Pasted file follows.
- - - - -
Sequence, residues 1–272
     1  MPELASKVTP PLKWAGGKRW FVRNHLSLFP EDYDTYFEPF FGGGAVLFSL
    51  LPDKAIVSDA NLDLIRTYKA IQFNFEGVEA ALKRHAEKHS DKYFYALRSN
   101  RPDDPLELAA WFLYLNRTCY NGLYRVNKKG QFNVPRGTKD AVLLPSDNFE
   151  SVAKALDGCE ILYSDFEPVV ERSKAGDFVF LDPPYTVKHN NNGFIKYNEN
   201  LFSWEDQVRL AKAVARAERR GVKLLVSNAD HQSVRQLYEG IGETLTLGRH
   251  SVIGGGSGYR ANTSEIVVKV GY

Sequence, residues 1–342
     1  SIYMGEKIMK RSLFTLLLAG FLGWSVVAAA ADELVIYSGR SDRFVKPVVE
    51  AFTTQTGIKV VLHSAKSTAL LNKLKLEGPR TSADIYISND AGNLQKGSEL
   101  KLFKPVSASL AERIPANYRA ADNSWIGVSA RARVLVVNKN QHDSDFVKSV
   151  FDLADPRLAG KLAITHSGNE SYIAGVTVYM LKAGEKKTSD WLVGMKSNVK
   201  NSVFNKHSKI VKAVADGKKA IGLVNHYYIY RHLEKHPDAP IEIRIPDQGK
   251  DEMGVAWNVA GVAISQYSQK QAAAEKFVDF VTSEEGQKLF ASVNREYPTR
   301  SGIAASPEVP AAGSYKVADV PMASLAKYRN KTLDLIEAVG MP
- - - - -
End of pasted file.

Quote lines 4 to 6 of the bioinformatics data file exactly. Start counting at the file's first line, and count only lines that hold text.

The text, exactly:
   101  RPDDPLELAA WFLYLNRTCY NGLYRVNKKG QFNVPRGTKD AVLLPSDNFE
   151  SVAKALDGCE ILYSDFEPVV ERSKAGDFVF LDPPYTVKHN NNGFIKYNEN
   201  LFSWEDQVRL AKAVARAERR GVKLLVSNAD HQSVRQLYEG IGETLTLGRH